We’ve had a lot of cases recently when questions have arisen regarding an employee’s right to be accompanied at various meetings.
Given that it’s something that has come up quite frequently we thought we’d take this opportunity to provide you with some more information on this right and how it works.
There are very few businesses who don’t have that one difficult employee who just seems to be more trouble than they are worth. They take up a disproportionate amount of management time with their issues and grumbles, are a negative presence in the office, and obstruct rather than support change. They don’t do anything that’s so wrong as to warrant disciplinary action but just make everything so much harder than it needs to be.
There are so many reasons why employment relationships need to be terminated. There are times when employees just do something wrong (or stupid!); there are times when the business needs to change and new skills are required; there are then times when it’s clear that there’s just no fit between the employee and employer. In this blog, we’ll take a look at the options open to you when you decide that things just aren’t working out.
Lots of our clients often refer to the fear they have of employees resigning and claiming constructive dismissal if they are dissatisfied with some element of their employment or how they have been managed. But how big a risk is this really?
Many employers have a list of behaviours in their disciplinary policy that constitute gross misconduct. If an employee commits one of these ‘crimes’ then the outcome is clear: their employment is terminated without notice as what they have done is so serious that it makes their continued employment impossible.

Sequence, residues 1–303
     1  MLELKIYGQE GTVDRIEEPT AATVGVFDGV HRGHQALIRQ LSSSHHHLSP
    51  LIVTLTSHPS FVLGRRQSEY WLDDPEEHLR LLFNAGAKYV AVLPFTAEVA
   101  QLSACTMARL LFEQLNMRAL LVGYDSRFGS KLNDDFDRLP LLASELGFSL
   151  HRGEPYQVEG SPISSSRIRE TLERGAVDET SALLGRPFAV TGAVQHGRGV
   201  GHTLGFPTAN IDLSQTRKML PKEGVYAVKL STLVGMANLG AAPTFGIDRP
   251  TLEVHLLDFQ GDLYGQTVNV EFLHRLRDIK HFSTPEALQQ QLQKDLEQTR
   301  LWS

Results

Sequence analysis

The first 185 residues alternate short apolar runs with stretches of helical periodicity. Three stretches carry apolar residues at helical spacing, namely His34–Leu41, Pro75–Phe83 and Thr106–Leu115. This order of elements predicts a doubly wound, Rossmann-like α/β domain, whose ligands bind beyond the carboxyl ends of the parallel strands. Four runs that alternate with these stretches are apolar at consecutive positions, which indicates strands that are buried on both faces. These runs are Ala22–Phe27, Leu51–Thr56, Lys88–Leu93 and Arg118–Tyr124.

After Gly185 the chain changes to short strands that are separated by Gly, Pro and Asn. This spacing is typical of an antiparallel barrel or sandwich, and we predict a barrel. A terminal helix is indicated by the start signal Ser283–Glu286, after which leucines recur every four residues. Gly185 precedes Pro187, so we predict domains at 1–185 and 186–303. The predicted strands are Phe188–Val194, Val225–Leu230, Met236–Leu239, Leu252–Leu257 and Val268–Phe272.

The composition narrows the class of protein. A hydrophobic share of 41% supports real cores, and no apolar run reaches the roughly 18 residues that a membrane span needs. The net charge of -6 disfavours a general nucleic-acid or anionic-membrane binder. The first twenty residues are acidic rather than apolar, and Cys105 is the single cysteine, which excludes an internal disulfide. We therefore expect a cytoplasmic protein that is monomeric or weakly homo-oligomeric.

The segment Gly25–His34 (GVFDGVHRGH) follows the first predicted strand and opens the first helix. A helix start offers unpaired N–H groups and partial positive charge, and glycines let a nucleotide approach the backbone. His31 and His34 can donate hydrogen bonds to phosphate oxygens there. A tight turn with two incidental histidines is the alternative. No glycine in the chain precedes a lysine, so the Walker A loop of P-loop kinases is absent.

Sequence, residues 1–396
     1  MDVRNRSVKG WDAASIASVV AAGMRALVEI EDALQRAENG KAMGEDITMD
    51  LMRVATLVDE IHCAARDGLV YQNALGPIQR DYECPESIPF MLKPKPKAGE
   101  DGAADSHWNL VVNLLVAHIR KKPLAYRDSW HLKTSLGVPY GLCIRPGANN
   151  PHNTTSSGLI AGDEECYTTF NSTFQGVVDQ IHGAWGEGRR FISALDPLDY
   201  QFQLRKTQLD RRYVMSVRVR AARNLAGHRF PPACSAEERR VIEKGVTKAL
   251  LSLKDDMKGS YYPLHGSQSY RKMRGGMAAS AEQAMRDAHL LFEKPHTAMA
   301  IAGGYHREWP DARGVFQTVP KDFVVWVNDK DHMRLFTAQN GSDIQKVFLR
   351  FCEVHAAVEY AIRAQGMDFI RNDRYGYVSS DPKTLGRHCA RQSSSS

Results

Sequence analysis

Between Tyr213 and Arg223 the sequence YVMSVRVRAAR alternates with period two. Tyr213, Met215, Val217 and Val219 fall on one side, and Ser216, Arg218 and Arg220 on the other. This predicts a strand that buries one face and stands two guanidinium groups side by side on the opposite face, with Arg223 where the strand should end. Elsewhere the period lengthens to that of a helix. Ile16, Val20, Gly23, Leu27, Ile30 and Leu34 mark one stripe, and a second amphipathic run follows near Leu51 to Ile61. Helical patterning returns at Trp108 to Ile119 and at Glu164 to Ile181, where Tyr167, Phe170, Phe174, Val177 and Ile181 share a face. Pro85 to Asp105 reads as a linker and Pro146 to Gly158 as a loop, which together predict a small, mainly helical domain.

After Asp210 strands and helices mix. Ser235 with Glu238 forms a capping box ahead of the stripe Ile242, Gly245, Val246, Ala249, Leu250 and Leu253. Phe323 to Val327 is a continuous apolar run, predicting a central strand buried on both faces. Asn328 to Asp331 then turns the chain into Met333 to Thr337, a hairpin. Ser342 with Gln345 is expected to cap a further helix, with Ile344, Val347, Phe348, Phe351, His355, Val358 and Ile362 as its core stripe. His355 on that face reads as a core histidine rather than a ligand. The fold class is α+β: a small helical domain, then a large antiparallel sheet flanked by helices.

In many cases this may be true but there have been some recent tribunal decisions that cast doubt as to whether dismissal in the case of gross misconduct is always going to be deemed acceptable.
There are some forms of social media use that step over the line to become harassment and bullying (both direct and anonymous) which are potentially damaging to your employees and puts your company’s good reputation at risk. What can and should you do when things turn nasty?
Back in March we wrote a post about whether employees could use covert recordings as evidence in Employment Tribunals. However, what about the other way around? Can employers use covert surveillance when an employee is suspected of wrong-doing?
Unfortunately, there’s nothing you can do to remove all chance of ever being taken to an employment tribunal (except to not employ people!). There are, however, a lot of steps you can take to both minimise the risk of receiving an ET1 and maximise the chances of a positive outcome if you do face a claim.